If your ex is a fearful avoidant, this will trigger their fear of rejection and abandonment. They’ll wonder why you felt they needed space. What did they do wrong? Are you upset? Do you want to break-up? Do you want no contact?
A dismissive avoidant ex on the other hand may see it as you being upset and angry and acting passive aggressive. They may even want to reconnect faster but because they anticipate being grilled about needing space, or talking about their feelings, or being accused of being selfish and generally “a bad person”, they’ll stay deactivated longer or make the deactivation permanent.
If an avoidant stops responding, wait 1- 3 days and try to engage them again. If they’re still unresponsive after you reach out 3 or more times, then it’s likely that your avoidant ex deactivated.
How long does an avoidant ex stay deactivated?
Every avoidant is different, but deactivation generally lasts anywhere from a few days to a few weeks. Most fearful avoidants will reach out or begin responding again after 2 – 5 days because they want connection and feel happier in relationships. Dismissive avoidants do not often reach out first after deactivation because of the low priority they place on being in a relationship, but begin responding 5-7 days of deactivation.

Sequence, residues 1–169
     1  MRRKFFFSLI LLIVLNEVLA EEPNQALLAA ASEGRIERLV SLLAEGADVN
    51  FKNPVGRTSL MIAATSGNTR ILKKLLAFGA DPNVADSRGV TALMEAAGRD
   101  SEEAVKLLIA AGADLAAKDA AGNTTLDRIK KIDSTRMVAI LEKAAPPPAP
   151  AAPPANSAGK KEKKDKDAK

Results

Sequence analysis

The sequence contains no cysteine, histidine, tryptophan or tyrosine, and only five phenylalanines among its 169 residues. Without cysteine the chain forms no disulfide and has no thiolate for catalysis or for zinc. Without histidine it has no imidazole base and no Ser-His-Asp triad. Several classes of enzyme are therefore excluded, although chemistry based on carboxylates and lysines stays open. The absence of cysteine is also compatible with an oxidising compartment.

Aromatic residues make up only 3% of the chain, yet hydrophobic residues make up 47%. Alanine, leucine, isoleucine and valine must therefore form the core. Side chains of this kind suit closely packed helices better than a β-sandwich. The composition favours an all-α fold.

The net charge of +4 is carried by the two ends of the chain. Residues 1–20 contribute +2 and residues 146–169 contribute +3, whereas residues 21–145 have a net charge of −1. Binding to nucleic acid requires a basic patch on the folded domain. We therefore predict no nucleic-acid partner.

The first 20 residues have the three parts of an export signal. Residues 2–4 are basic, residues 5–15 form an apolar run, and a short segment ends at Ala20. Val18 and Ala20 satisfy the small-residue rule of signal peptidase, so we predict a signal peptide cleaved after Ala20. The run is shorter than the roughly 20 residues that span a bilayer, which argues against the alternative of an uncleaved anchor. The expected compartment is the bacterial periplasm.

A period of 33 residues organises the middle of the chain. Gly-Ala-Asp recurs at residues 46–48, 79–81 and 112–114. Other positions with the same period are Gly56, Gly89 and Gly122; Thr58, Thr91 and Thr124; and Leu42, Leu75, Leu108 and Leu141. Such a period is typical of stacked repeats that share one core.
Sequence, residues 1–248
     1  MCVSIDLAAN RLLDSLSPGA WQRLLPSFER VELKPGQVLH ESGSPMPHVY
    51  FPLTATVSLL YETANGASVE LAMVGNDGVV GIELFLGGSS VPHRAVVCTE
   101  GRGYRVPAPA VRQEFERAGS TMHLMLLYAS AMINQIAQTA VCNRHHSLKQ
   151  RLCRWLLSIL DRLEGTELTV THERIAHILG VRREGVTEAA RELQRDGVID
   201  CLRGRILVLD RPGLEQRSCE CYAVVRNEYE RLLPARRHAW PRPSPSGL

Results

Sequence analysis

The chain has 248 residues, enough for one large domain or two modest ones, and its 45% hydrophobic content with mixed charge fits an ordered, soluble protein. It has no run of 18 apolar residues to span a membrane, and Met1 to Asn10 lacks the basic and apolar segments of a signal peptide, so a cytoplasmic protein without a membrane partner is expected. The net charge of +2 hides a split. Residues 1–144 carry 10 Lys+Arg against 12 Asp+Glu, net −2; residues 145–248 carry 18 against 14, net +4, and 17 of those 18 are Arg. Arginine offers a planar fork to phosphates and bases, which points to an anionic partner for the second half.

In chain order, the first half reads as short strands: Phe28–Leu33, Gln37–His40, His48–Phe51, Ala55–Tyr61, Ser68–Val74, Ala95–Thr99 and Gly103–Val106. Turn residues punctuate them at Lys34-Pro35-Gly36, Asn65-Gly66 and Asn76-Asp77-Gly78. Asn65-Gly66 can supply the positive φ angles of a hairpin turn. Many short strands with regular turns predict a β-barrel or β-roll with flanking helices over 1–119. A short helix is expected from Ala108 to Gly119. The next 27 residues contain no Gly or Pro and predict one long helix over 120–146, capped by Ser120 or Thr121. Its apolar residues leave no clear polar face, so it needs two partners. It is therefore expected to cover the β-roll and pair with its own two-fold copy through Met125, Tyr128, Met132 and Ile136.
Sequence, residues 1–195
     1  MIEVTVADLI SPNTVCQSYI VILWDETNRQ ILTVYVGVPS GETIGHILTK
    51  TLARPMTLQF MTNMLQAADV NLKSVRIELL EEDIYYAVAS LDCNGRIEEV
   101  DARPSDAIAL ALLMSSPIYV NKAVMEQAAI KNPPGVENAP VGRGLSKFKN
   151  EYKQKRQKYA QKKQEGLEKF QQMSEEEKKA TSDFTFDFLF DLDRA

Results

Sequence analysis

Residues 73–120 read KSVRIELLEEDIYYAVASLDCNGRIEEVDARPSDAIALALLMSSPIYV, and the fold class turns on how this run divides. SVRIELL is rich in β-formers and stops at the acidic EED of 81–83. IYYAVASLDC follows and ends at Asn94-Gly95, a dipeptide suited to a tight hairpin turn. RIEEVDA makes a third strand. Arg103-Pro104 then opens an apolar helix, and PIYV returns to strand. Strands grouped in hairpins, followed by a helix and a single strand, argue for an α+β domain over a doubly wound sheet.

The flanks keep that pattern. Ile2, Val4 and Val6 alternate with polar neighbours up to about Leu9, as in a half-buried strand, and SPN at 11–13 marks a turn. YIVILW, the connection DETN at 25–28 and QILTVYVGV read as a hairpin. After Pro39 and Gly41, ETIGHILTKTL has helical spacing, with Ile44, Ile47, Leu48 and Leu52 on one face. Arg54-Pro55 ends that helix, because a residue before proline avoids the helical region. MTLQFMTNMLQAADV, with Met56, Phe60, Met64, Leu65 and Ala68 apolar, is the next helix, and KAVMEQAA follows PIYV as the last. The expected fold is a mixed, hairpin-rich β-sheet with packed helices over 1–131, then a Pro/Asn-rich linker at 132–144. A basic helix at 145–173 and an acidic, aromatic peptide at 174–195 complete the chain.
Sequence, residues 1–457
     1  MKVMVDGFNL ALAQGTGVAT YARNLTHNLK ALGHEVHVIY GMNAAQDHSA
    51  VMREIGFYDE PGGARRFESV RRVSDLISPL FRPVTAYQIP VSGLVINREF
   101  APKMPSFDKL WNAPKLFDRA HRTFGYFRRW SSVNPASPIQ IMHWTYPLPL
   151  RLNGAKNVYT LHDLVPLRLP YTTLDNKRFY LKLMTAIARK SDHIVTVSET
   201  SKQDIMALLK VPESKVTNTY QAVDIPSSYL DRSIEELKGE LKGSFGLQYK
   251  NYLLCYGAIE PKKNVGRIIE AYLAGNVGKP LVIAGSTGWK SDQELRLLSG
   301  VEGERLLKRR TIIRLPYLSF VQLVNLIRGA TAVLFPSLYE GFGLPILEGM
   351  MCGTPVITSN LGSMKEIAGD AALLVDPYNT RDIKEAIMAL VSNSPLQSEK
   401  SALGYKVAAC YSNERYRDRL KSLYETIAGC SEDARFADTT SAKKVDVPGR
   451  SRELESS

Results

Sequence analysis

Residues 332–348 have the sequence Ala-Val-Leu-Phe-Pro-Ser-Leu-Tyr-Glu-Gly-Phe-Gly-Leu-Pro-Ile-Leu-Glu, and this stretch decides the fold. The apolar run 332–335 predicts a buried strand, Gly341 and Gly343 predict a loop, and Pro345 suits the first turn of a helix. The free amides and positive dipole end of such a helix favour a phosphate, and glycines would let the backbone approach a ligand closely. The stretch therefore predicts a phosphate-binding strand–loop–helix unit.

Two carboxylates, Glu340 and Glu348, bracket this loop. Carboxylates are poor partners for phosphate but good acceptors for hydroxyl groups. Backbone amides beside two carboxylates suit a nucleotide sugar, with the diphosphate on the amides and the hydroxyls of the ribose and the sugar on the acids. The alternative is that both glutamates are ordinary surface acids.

But sometimes a deactivation can take a few months if the deactivation is deep. The more upset or hurt an avoidant is, the longer they’ll deactivate or take to respond. A deactivation may also take longer if there are other factors outside of the relationship causing distress (depression, work stress, unemployment, health issues, family emergency, financial issues, an exam, loss or death etc.)
An avoidant may also deactivate longer if you act needy, upset and angry when they need space away from you to feel safe again.
Since fearful avoidants usually reach out after deactivating for 2 – 5 days, wait up to 3 days to see if they’ll reach out before reaching out. If your fearful avoidant ex doesn’t reach out, send a check-in text. A dismissive avoidant ex is unlikely to reach out, check-in after 5 days.
In the article below, I discuss the best way to give an avoidant space when they deactivate but also make it safe for them to want to reconnect faster.
Avoidant Ex Pulls Away Every Time You Get Close (What to Do)
How Do I Give My Avoidant Ex Space? (And How Much Space)
How Much Space To Give A Fearful Avoidant
How Much Space To Give A Dismissive Avoidant
Attract Back An Avoidant Ex: 7 – An Avoidant Isn’t Texting Back
Do Avoidants Want A Healthy Relationship? (Ideal Vs. Realty)